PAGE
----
Monthly Archives: October 2008

Social Media and Ladies and some Lunch

Last week, my colleague Nettie Hartsock and I presented a great luncheon talk called “Get Your Blog On” to some wonderful women who signed up for the event coordinated by Girlstart— a non-profit dedicated to empowering girls in math, science and technology. Full disclosure: Girlstart has been a client of mine on and off over the last ten years. They are awesome.

Anyway, the crew at GS decided that women also needed educational opportunities on subjects related to math, science and technology, so we were happy to tell the workshop participants everything we knew about the brave new world of blogging– at least what we could fit into 1 1/2 hours.

I think they left with an understanding that blogging is easy, empowering and fun. For some, blogging was something that they were looking into to add value to their companies’ marketing programs. For others, it was just getting the basics. Here are five tips we shared with the ladies:

1) Your blog is not a newsletter or a magazine– it’s information that you are sharing as a gift to your readers

2) You are entering a community– don’t just post, go out there and read a variety of blogs and discover ones you really like

3) Blogging is free– you don’t need to buy a domain name to get a blog. Just got o WordPress, Typepad, Blogger, whatever and just get going

4) You don’t have to be a writer to produce a good blog– but you do need a passion for the subject you’re sharing. The more you post, the better you’ll get.

5) Blog for the world or for your loved ones– if you have personal information like on a family blog, you can set your blog to private so only certain people have access to it. Don’t share a lot of personal info like when you’re going on vacation or the names and ages of your children.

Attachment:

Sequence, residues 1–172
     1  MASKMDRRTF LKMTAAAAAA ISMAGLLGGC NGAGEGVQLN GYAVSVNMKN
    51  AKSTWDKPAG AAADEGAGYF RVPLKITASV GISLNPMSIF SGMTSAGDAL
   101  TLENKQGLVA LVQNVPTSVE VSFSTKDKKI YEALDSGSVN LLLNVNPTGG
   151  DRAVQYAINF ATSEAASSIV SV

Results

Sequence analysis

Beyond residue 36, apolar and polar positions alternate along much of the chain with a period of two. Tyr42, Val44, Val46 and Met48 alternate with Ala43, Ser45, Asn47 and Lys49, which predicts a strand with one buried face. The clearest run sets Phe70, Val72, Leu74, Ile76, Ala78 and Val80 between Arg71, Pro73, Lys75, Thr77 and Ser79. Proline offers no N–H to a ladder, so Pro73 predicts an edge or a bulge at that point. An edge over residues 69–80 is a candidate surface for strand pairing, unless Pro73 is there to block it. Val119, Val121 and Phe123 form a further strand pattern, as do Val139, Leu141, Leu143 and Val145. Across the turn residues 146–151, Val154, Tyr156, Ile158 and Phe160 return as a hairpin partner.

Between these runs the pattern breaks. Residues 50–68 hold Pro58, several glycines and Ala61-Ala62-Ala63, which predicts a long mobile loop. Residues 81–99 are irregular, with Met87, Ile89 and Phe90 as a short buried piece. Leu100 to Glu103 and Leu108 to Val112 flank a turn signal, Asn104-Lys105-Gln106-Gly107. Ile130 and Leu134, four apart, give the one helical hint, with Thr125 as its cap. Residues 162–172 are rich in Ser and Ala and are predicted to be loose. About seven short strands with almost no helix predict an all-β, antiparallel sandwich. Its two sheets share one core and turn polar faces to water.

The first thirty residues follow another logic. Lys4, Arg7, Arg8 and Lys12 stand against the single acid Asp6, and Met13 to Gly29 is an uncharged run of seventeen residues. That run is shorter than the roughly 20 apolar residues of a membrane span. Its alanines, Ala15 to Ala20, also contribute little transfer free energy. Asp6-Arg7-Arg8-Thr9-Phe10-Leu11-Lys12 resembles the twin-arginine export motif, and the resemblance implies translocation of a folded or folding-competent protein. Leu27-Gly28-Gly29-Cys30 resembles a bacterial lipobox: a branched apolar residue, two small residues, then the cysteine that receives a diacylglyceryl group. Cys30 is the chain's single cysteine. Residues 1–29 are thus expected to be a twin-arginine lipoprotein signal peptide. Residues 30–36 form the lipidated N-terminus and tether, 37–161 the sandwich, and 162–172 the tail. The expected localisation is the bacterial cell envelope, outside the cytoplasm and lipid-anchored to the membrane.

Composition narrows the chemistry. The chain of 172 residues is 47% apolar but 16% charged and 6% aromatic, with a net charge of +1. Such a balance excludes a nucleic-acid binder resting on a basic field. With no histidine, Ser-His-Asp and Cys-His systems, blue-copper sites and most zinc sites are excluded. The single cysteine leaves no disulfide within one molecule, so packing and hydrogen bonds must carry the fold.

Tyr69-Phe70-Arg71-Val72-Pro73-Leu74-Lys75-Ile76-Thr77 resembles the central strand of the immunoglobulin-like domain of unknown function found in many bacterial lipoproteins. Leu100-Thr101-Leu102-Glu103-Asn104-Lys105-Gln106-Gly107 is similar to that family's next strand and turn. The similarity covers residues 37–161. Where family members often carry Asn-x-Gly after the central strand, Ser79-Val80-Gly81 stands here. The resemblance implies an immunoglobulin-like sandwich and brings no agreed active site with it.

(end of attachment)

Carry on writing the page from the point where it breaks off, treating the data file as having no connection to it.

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THE Most Important Skill for a Publicist

Writing. Period. The End.

Just kidding… I have a bit more to say on the topic. Over the years I have counseled dozens of young people interested in pursuing a career in public relations or some form of marketing communications. The number one question I get asked is: “What is the most important skill I need to have in order to get a job?” My answer is always the same: “Can you write?”

Believe it or not, writing does not come naturally to most people. In fact, some people hate writing so much, they would rather do their neighbors’ tax returns than write an article even on an interesting topic. For me, I have always loved writing. I wrote my first “book” when I was nine years old. It was called “Albert the Blue Alligator” and I still have it– and it’s still pretty good.

I chose to attend Emerson College in Boston, MA because it is a communications school that puts great emphasis on one’s ability to communicate effectively. In fact, the school motto is ” Expression Necessary to Evolution.” So true.

So why does a PR person need to know how to write? Don’t they spend most of their time networking, hooking up with journalists, building their contacts lists, going to events and making phone calls? No. That’s some of what a publicist does, but that’s not the whole enchilada.

A lot of what happens includes developing messages, working with clients on how to communicate what it is they want to say, and writing a variety of written documents for both internal and external use. There are press releases, Q&As, talking points, media advisories, pitch letters, e-mail communications, etc. All of these activities require a person to be an outstanding writer.

Spending time honing your writing skills lets a potential employer or client know that you can get up to speed on new topics quickly; assimilate complex information and relate that to a general audience; understand a variety of audiences; and can create messages that speak authentically and accurately about your product or business. Being a good writer means you are a good strategist, researcher, and overall great communicator.

PR people have to understand and apply basic journalistic principles in writing press releases. This tells a journalist that she’s working with a pro– someone who understands the meat of a good story, not just someone interested in hawking a product, service or initiative.

Some great writers’ resources for PR people include:

The Elements of Style by William Strunk, Jr.

The Associated Press Stylebook

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